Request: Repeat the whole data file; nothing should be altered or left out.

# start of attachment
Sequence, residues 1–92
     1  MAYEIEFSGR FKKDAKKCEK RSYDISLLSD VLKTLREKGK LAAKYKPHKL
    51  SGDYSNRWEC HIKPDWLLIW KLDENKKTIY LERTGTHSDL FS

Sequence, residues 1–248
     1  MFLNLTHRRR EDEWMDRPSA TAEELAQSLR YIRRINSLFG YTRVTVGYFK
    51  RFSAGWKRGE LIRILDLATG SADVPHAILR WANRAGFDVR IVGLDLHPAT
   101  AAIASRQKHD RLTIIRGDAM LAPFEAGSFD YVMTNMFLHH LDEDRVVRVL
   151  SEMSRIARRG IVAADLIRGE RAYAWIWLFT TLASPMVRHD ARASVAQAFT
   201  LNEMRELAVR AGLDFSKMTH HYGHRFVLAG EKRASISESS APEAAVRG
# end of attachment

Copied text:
Sequence, residues 1–92
     1  MAYEIEFSGR FKKDAKKCEK RSYDISLLSD VLKTLREKGK LAAKYKPHKL
    51  SGDYSNRWEC HIKPDWLLIW KLDENKKTIY LERTGTHSDL FS

Sequence, residues 1–248
     1  MFLNLTHRRR EDEWMDRPSA TAEELAQSLR YIRRINSLFG YTRVTVGYFK
    51  RFSAGWKRGE LIRILDLATG SADVPHAILR WANRAGFDVR IVGLDLHPAT
   101  AAIASRQKHD RLTIIRGDAM LAPFEAGSFD YVMTNMFLHH LDEDRVVRVL
   151  SEMSRIARRG IVAADLIRGE RAYAWIWLFT TLASPMVRHD ARASVAQAFT
   201  LNEMRELAVR AGLDFSKMTH HYGHRFVLAG EKRASISESS APEAAVRG